Note: I am not a philosopher or psychologist nor any kind of expert in either field. But that doesn’t disqualify the following hypothesis as haphazard or necessarily invalid. I say simply that it corresponds with my experience, organizing without contradiction the successes and failures I’ve observed in other people and in my own life. Each aspect of my life improves to the extent I apply this framework, and it falters to the extent I stray from it.
In spite of all that, please consider the following a hypothesis and not a definitive proclamation. The method itself demands that I never cease to revise and reorganize my ideas into clearer and more precise concepts as I take on challenges from others (and myself) and as I live and learn. But I’ve been living and learning for a long while, and in this first “essay,” it is the most comprehensive formulation I can make to date.
Optimism’s got a bad rap. It is associated with ignorance, naivety, and immaturity. A Morgan Housel article does well to highlight a few reasons why pessimism is sexy, but John Stuart Mill in any case identified the tendency over 150 years ago:
“I have observed that not the man who hopes when others despair, but the man who despairs while others hope, is admired by a large class of persons as a sage.”
An optimist is an adorable but pitiful child who expects the best in the world until such a sage elder (or harsh reality) snaps them out of their foolish, idealistic notions and expectations. The child is an adult now, properly cynical and “realistic.”
“Or are you?” Larry King adds quickly, allaying the tone of contempt and derision palpable in his first accusatory question.
Matthew McConaughey, his guest on Larry King Now, looking amused though slightly taken aback at the perceivable rancor, answers with a disarming smile, “I don’t know. I don’t think so.”
This brief exchange followed Larry’s reading of a quote from Matthew, in which he had said:
“I’ve got much more selfish. I’m a fan of the word ‘selfish.’ I am less concerned with what people think of me. I’m not worried about how I’m perceived. ‘Selfish’ has always gotten a bad rap. You should do for you.”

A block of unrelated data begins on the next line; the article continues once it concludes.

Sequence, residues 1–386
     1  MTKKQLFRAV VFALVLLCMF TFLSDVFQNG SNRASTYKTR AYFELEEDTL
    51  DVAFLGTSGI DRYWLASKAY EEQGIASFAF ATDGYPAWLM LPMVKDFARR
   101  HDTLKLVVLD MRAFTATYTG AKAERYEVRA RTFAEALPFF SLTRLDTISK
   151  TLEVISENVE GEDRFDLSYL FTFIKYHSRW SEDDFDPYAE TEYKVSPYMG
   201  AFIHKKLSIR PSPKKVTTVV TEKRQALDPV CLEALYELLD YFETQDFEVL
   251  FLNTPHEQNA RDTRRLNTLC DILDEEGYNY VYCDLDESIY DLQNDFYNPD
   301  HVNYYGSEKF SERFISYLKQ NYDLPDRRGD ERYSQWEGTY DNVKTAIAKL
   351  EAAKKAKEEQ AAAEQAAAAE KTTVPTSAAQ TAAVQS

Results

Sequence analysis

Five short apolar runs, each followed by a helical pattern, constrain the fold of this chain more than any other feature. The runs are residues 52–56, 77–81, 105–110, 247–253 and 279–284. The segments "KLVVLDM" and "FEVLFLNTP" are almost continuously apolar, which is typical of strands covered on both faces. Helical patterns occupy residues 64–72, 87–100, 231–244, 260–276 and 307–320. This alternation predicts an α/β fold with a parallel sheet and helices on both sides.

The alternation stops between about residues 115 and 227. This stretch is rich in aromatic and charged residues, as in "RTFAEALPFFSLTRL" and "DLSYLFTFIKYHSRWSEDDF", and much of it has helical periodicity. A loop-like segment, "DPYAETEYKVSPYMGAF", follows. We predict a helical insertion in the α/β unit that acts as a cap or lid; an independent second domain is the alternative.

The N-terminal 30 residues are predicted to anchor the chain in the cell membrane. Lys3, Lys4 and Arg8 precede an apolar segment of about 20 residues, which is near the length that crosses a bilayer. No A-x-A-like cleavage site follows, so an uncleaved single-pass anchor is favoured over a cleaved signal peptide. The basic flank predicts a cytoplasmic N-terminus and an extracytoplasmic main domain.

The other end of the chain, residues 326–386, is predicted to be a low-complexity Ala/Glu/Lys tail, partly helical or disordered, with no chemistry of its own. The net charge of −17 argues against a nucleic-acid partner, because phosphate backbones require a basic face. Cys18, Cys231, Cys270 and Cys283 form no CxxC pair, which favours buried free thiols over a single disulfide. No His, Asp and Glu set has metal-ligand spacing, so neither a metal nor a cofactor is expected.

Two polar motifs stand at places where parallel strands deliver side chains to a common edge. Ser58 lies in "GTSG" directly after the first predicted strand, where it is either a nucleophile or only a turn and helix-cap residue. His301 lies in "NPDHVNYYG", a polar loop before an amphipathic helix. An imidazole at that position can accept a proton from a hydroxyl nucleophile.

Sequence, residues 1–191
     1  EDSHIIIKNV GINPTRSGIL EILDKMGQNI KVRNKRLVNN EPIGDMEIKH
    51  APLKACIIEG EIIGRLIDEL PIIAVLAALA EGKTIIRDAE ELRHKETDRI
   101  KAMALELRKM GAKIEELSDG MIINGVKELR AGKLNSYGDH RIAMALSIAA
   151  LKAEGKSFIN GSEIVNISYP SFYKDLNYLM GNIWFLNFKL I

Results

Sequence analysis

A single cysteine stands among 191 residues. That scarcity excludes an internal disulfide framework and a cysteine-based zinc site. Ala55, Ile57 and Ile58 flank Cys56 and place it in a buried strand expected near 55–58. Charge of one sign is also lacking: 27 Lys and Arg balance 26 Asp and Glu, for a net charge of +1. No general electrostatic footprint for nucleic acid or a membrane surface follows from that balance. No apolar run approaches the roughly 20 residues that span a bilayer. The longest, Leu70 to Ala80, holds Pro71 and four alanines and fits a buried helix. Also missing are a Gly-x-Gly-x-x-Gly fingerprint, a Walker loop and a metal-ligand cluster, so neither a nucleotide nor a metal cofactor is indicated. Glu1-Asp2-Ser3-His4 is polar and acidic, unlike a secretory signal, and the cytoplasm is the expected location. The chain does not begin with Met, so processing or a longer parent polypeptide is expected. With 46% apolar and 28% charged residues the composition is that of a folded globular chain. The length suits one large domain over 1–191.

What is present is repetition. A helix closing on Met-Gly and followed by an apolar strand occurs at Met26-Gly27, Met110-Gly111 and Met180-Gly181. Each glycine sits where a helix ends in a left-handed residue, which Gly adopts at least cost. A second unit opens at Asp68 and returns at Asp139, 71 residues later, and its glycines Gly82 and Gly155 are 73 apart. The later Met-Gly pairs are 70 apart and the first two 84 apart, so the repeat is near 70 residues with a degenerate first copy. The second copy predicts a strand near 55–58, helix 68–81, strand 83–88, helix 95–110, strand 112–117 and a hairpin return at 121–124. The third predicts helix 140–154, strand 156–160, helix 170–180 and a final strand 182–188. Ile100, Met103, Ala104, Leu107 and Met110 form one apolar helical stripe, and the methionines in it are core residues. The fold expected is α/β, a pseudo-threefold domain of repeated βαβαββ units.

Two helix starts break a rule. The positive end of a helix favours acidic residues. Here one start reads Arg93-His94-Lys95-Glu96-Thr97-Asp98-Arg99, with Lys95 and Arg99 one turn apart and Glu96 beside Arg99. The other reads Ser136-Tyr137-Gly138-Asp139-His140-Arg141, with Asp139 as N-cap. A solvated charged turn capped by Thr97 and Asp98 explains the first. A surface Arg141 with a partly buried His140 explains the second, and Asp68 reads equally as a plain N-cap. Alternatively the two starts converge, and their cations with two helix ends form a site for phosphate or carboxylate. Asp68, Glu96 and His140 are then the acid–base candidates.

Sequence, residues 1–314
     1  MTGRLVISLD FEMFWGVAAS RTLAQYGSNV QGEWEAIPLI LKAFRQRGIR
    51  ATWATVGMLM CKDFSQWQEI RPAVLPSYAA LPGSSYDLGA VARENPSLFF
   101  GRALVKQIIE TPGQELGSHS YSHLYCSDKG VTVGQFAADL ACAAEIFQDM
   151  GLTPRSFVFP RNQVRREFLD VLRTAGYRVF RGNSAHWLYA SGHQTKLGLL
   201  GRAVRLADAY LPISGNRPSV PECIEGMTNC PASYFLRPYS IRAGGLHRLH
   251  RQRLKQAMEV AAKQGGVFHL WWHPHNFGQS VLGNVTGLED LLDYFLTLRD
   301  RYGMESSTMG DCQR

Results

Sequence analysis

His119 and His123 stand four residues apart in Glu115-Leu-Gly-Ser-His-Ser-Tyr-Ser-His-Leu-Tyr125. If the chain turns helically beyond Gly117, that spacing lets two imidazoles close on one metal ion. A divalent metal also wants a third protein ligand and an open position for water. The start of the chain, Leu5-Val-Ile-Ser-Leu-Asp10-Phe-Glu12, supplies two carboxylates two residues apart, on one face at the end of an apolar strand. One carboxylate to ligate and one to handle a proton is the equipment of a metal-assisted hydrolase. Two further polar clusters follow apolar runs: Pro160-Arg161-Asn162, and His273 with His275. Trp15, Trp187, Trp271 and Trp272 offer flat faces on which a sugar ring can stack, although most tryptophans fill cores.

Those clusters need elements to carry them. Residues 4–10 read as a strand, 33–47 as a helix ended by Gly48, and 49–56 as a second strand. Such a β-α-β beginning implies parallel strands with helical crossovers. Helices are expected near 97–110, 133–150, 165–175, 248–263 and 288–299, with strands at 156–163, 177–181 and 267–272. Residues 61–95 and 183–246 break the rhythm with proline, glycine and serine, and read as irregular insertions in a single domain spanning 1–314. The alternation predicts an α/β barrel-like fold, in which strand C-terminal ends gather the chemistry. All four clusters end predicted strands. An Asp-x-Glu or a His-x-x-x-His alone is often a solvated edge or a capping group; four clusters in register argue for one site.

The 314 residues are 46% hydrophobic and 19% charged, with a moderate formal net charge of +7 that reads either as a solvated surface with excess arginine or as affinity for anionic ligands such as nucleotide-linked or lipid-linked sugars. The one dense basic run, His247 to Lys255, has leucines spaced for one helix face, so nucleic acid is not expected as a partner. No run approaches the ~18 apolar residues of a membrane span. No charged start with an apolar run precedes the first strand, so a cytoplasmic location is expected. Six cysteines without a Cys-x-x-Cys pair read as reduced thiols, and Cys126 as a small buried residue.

Part of the satisfaction I get from my work as the teacher of a Korean university English conversation class is sharing and discussing ideas I care about with young people. For some material, I often take an article, talk, or podcast I like and present it to students in the clearest way they can consume it, given their English proficiency levels and other factors. We might simply read the article or, more often, I might create a Prezi presentation and give a mini-lecture summarizing the material in understandable terms at an appropriate pace before we discuss the ideas.
Preparing one such lesson, I recently re-listened to a Human Flourishing Podcast episode titled, “Cultivating Appreciation.” In it, host Alex Epstein recounts his experiences with a trolley and Uber driver, respectively, and was struck at how both expressed through action and in words great joy and appreciation for their work and the environments in which they get to perform it. Alex goes on to say that he was struck by this mental approach, highlighting how what they chose to focuson shaped their experience of it. There are further valuable points made in the episode, but for this article, I only intend to piggyback on it up to here.
The title may be familiar to some as the 2003 Ben Folds song it is. As a new experiment in my English conversation class this upcoming semester, I’m going to have students discuss these lyrics, while of course highlighting the lessons I take from it myself. As in many Ben Folds songs, the lyrics colorfully present a strong message, and I thought it would be a fun way to introduce a theme for discussion I think will prove relevant to them.
While comparing against others is a personal and social problem in Western countries, expressed (in one aspect) in the idiom “Keeping up with the Joneses,” Korea has its own distinct comparison culture. Korea is a hyper-modern economy that moves at warp speed. The uber-competitive education system centers all around scores and rankings based thereupon. And when they’re done with that, most feel enormous pressure at “getting a good job,” which means—if not a “doctor, lawyer, or judge”—at one of the bigger companies (e.g. Samsung, LG, Hyundai, etc.). Anyone can do the math to see that achieving this measure of “success” is not going to be a reality for almost everyone, so the stress is tremendous.